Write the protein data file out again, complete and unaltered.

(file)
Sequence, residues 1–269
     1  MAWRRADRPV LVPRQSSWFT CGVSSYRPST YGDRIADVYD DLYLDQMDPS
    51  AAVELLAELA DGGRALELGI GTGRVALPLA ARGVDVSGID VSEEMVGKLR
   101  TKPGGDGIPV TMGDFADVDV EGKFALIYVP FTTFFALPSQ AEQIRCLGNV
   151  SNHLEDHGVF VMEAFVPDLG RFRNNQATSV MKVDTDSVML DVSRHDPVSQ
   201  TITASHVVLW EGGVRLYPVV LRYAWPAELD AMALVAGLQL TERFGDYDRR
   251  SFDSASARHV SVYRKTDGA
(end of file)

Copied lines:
Sequence, residues 1–269
     1  MAWRRADRPV LVPRQSSWFT CGVSSYRPST YGDRIADVYD DLYLDQMDPS
    51  AAVELLAELA DGGRALELGI GTGRVALPLA ARGVDVSGID VSEEMVGKLR
   101  TKPGGDGIPV TMGDFADVDV EGKFALIYVP FTTFFALPSQ AEQIRCLGNV
   151  SNHLEDHGVF VMEAFVPDLG RFRNNQATSV MKVDTDSVML DVSRHDPVSQ
   201  TITASHVVLW EGGVRLYPVV LRYAWPAELD AMALVAGLQL TERFGDYDRR
   251  SFDSASARHV SVYRKTDGA